There were some seriously dangerous things in homes of Victorian England. Your home should be a sanctuary, somewhere you feel safe and secure and so it was for the Victorians. The Victorian Age was a time of massive scientific discovery and development, but very often “new” things did more harm than good – unbeknownst to the people supposedly benefiting from them. Much of the science that has identified the harms and disadvantages came a long time after, and scientists are still uncovering and understanding the issues today. Here are just some of the dangerous things in homes of Victorian England you’ll be glad we don’t have to worry about in our own homes.
1. Arsenic Dyed Objects
This point was generously submitted by one of our readers, Queenie. Thanks Queenie! You can submit your own point at the bottom of this post. We'd love to hear from you!
Arsenic was used as an ingredient for green dye in the 18th and 19th centuries. It was used in things such as clothing and wallpaper. But arsenic is poisonous and caused many deaths.
As we know, processed white sliced bread is one of the food evils of the world today. With its processed fats and sugars and countless preservatives, it might be one of our staple foods, but we at least know that it can be bad for us. In Victorian England it was incredibly dangerous. In a bid to increase profits, the bulking substitute alum was used. It led to malnutrition, constipation, and bowel problems, which often killed children. It’s incredible to think that one of the most dangerous things in homes of Victorian England was a foodstuff that was meant to be cheap, filling and nutritious. Most people were ignorant of the bulking agents used and certainly wouldn’t know whether it was alum, chalk or bean flour.
3. Boracic Acid and Milk
Hearsay can cause real danger, and it turned common milk into one of the most dangerous things in Victorian homes. A rumor spread, it was deemed to be the truth and householders decided to use boracic acid to supposedly ‘purify’ the milk to make it last longer – remember pasteurization was still not a method of mass milk production at this time. Boracic acid removed the sour taste and the smell, but even small amounts of boracic acid can cause diarrhea, vomiting, and could even house bovine TB. An estimated 500,000 children died from drinking adulterated milk in the Victorian era.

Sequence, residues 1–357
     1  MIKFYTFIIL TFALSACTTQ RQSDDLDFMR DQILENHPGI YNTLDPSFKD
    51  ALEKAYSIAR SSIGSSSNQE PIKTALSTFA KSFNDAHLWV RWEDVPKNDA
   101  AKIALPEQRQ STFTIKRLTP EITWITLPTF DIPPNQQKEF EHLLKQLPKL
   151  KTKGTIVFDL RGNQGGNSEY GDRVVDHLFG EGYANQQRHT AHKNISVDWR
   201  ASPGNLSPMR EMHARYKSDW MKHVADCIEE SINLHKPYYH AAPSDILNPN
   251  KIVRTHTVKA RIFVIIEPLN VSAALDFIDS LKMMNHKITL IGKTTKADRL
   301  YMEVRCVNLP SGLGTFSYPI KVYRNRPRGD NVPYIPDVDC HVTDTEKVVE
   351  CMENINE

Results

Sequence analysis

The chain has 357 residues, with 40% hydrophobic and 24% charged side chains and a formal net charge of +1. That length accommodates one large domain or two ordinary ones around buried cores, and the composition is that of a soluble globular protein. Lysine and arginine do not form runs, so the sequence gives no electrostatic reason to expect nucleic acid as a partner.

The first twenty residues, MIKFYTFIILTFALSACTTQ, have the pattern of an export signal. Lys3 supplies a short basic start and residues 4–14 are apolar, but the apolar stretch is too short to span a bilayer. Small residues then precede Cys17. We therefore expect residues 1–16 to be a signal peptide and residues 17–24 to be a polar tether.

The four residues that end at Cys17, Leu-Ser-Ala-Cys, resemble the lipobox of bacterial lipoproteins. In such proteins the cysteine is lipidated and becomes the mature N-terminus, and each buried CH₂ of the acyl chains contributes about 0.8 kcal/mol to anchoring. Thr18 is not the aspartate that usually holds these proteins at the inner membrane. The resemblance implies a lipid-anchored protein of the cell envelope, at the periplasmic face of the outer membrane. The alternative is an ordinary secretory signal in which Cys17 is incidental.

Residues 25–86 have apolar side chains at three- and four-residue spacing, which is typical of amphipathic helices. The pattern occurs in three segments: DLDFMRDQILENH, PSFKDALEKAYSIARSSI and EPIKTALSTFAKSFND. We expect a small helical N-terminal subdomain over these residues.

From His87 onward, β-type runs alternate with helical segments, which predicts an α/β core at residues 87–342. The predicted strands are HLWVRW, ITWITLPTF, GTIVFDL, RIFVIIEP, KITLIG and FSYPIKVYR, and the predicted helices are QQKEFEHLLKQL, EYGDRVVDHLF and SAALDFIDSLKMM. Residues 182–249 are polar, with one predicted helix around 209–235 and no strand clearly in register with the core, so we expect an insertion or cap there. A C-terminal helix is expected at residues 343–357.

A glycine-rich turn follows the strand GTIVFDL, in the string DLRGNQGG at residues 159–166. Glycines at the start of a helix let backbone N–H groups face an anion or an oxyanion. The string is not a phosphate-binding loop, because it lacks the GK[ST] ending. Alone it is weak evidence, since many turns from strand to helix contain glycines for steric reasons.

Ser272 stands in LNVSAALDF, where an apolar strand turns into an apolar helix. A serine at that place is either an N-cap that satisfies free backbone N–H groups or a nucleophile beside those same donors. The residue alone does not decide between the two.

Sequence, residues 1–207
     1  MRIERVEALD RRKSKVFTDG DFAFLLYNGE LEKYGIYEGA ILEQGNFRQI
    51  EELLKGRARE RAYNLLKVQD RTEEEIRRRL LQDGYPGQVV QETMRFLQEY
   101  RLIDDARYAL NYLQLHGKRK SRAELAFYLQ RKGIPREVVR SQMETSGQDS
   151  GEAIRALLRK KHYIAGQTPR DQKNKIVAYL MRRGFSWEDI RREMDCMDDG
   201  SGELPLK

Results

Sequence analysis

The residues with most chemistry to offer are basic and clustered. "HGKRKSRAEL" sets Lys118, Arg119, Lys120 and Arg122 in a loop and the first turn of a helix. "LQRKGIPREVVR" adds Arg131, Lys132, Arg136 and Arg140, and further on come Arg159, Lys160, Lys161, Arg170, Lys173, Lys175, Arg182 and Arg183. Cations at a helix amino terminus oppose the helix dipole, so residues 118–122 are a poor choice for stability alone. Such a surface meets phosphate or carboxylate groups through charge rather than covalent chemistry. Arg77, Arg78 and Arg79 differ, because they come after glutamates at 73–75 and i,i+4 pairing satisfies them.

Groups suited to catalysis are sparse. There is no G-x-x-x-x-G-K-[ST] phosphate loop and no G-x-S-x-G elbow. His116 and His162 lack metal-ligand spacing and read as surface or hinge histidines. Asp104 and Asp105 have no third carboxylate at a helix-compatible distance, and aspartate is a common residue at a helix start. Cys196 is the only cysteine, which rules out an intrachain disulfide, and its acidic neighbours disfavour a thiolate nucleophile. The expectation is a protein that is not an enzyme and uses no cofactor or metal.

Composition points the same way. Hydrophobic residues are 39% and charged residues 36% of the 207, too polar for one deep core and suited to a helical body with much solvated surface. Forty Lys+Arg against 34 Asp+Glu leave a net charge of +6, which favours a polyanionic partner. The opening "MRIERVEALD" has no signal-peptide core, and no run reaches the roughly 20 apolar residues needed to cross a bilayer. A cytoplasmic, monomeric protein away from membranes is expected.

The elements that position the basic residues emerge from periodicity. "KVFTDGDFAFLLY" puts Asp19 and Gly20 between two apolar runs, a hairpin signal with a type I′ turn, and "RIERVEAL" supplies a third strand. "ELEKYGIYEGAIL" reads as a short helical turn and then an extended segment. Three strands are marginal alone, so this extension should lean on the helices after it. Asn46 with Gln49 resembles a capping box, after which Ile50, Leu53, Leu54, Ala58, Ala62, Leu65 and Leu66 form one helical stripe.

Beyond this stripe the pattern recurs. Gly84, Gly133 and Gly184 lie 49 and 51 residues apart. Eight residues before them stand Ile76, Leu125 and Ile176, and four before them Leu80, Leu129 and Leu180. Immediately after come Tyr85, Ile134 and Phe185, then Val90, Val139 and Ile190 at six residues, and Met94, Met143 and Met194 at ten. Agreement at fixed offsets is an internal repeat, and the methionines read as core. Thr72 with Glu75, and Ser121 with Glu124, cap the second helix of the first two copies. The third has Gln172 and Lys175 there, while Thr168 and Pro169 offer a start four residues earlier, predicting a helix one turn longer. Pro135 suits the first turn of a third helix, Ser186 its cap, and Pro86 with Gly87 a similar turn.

One of the killers in Victorian homes was bathrooms. Toilets would sometimes explode for apparently no reason, causing horrific burns and death. The reason for this was methane coming from human waste building up in the sewers. Early flushing toilets would actually leak waste back into homes, so a naked flame from a candle was enough to cause an explosion.
The Victorian era was a time for rapid expansion. Hasty construction led to staircases often being too narrow and steep. Servants, especially, were susceptible to injury and death in Victorian homes. Combine the fact they were wearing long skirts instead of jeans, and that in homes able to afford servants stairs were required to be highly polished, and it doesn’t take much to see how so many injuries were caused.
6. Anything Made from Parkesine
Parkesine was invented by British inventor Alexander Parkes. It later became known by the American name of Celluloid. It was extremely useful in everything from combs to billiard balls. These items previously had to be made from ivory imported from Africa and Asia. Unfortunately, treatment methods to make the compound safe didn’t exist so Parkesine would become flammable as it degraded. And it could explode on impact, which makes it one of the most dangerous things in Victorian homes.
Today, you’ll generally only find asbestos in usage when someone is discussing a legal case. We know asbestos fibers lead to cancer and can lead to death. In the Victorian period, it was known as the ‘wonder material’. It could be used in everything from houses to clothing. Even to this day, we don’t know how many people this greatest of dangers in Victorian homes killed.
At this time, refrigerators were widely found across England. They were still flawed during the Victorian age. They were prone to leaking gases like sulfur dioxide, ammonia, and methyl chloride. All of these gases attack the respiratory system and may lead to death, or at least disability.
Electricity was confined to lighting until the Victorian period. During the Victorian period, innovation went viral. Inventions like the electric tablecloth, which didn’t react well to spillages, were directly responsible for a number of deaths. The main cause of death was plugging too many devices into a single socket, though. Electrical fires were common. Plugging too many devices into one outlet, doesn’t that sound like a familiar problem?
Exploding toilets? Poisonous toothpaste? Combustible tablecloths? Lethal gases? We may have our unsafe items these days but we should be glad we aren’t exposed to the danger in Victorian homes. Can you think of anything similar to these dangerous items?